Beth Martin - Benefits of Working with a Writing Coach


Why You Need a Writing Coach


An editor is an absolute necessity if you want your book to be a success. At the very minimum, a good copy edit will not only identify spelling and grammar errors but also address flow, sentence structure, word choice, etc. Before selling a single copy, you want to produce your best work possible.

Like any skill, writing takes practice and training in order to improve. How do you train your writing? You enlist the help of a writing coach.

A writing coach won't rewrite your story or fix all the holes in your manuscript for you. Their role is to guide you through the revision process. They will help you find all the plot holes, identify inconsistencies, further develop characters, and find your voice. Also, they can answer your questions on writing and help navigate the publishing process.

Let's take an in-depth look at some of the benefits of working with a writing coach.



It's easy to be too close to your writing. You've been working on the same book for weeks, month, or even years. Although you could ask a friend of family member to read through your manuscript, unless they understand how a coherent novel is built, they may not have useful feedback. On the other hand, a writing coach will know the best way to structure your story and sharpen your plot. Although it may be tempting to rely on free help for feedback, you won't get a professional critique without employing a professional.



No man is an island (except perhaps for Paul Simon), and this applies to getting your book ready for publication. I've gotten lost in revisions and stuck on a scene that I couldn't quite make work. Your writing coach is there for you to discuss ideas and help you get your manuscript back on track. They're able to help keep you motivated and see your project gets completed.

If your goal has always been to finish that book, your coach will be there for you, cheering you on as you type through your last revision to "THE END." 



Publishing is especially daunting for new writers. Should you self-publish or find a traditional publisher? Do you really need a literary agent? The publishing world can be hard to break into. It helps to have a mentor who's been through the process and can definitively tell you what works and what doesn't. It's easy to spend countless hours trying to find a cover designer or setting up an author website. Instead, let your coach help you with the nitty-gritty and you can get back to what's important, like writing your next book.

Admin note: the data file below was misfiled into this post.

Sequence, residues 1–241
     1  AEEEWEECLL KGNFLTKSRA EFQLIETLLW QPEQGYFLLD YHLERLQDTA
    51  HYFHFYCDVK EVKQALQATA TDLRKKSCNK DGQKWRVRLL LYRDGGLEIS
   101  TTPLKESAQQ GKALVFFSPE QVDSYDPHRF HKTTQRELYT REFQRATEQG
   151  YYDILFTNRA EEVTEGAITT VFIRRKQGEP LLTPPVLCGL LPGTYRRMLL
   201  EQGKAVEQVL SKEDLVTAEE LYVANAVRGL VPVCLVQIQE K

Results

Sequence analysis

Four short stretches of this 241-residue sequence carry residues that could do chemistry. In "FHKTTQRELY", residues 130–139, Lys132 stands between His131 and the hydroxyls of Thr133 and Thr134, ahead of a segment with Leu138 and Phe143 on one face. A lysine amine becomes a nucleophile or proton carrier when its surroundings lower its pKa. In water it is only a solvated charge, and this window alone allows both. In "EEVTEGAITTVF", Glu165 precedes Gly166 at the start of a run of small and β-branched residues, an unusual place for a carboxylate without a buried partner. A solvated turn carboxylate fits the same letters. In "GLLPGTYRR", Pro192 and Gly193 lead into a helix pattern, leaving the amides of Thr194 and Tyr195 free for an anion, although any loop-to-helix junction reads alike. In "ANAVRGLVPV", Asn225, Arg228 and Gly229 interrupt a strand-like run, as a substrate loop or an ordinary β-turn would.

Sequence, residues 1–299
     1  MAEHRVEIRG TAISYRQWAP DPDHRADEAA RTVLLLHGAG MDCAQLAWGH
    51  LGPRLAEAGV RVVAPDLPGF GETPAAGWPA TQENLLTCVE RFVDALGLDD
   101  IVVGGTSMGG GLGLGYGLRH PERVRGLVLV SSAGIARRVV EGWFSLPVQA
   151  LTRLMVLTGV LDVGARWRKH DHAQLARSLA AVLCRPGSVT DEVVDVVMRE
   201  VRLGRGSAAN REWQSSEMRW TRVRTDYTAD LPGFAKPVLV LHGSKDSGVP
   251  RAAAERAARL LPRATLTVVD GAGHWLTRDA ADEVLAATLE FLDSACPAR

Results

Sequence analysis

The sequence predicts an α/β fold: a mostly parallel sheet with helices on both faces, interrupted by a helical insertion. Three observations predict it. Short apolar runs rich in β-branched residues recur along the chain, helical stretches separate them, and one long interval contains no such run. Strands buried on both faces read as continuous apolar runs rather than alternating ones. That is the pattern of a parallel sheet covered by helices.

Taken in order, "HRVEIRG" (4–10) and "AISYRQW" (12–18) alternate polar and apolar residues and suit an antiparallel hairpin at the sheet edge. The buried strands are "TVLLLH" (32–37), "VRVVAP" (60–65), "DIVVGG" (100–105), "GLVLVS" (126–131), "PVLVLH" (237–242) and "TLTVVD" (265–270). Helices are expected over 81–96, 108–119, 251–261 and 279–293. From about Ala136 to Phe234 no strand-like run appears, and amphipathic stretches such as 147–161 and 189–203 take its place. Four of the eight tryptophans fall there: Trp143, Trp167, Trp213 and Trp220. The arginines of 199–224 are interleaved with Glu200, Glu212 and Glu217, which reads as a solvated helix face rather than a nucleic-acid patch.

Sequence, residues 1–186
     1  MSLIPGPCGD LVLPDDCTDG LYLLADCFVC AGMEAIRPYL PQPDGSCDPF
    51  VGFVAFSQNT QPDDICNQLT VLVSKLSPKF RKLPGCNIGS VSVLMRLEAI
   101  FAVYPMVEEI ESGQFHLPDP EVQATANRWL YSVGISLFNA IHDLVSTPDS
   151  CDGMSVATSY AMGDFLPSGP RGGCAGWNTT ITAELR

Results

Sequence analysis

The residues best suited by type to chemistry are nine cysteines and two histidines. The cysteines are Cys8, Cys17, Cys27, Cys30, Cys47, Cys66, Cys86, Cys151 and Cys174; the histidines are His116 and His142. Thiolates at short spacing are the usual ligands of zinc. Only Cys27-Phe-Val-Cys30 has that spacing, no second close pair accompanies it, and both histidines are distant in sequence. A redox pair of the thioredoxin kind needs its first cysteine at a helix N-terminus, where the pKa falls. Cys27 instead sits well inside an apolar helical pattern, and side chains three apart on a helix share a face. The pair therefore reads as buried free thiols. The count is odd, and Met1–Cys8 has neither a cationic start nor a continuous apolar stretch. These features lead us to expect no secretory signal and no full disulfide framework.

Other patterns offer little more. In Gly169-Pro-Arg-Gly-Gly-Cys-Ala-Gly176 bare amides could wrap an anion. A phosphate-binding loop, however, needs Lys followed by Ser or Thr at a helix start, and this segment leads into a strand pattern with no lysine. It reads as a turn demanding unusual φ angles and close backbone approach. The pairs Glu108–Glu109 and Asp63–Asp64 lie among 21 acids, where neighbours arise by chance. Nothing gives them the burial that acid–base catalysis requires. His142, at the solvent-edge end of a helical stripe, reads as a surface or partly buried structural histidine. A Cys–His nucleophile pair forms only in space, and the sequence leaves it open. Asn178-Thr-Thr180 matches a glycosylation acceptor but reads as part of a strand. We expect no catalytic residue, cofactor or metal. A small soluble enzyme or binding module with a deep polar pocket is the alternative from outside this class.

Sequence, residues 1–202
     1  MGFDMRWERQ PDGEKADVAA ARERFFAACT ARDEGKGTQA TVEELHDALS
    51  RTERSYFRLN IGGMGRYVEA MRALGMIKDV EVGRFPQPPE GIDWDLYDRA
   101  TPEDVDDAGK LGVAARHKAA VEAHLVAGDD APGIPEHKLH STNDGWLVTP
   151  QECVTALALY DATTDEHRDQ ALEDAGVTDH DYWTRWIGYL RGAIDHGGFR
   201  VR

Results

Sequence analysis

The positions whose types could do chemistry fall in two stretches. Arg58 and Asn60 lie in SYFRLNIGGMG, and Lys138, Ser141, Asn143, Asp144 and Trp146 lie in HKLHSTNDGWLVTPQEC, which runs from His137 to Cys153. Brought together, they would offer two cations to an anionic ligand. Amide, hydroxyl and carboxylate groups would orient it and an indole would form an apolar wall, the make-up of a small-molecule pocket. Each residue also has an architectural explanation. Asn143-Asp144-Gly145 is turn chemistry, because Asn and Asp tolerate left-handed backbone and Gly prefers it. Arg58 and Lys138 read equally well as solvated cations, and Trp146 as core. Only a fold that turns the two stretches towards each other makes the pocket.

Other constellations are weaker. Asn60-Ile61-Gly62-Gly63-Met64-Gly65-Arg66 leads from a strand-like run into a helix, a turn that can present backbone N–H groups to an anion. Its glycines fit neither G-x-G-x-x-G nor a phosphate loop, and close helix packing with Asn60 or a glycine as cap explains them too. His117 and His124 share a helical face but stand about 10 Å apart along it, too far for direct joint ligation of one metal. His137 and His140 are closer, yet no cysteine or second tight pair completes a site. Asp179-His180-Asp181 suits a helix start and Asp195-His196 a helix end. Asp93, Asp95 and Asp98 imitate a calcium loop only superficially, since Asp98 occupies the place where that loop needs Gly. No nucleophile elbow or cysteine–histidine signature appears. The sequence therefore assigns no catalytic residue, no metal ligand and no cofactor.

If you decide to follow the route of self-publishing, every detail for your book will be up to you. It's a daunting amount of work and a slew of decisions you never knew you'd have to make. What will your book's trim size be? Which company will print it? How do you even make an ebook? Why does Apple need your social security number?  For at least a few or these questions, you'll want the advice of a professional who can help you make the best choice for your current project.

A writing coach doesn't have to be for a single book. If you find someone you work really well with, that person will be able to help you shape your entire writing career. I'm not promising that hiring a coach will make you as famous as J. K. Rowling, but it will help you become the best writer you can. Set yourself up for success and consider finding a writing coach who can help you achieve your dream of becoming a published author.


Beth Martin is a science fiction writer and author of The End of Refuge. When not reading or writing about dystopian worlds, she's busy chasing her two young children. Find out more about Beth on her website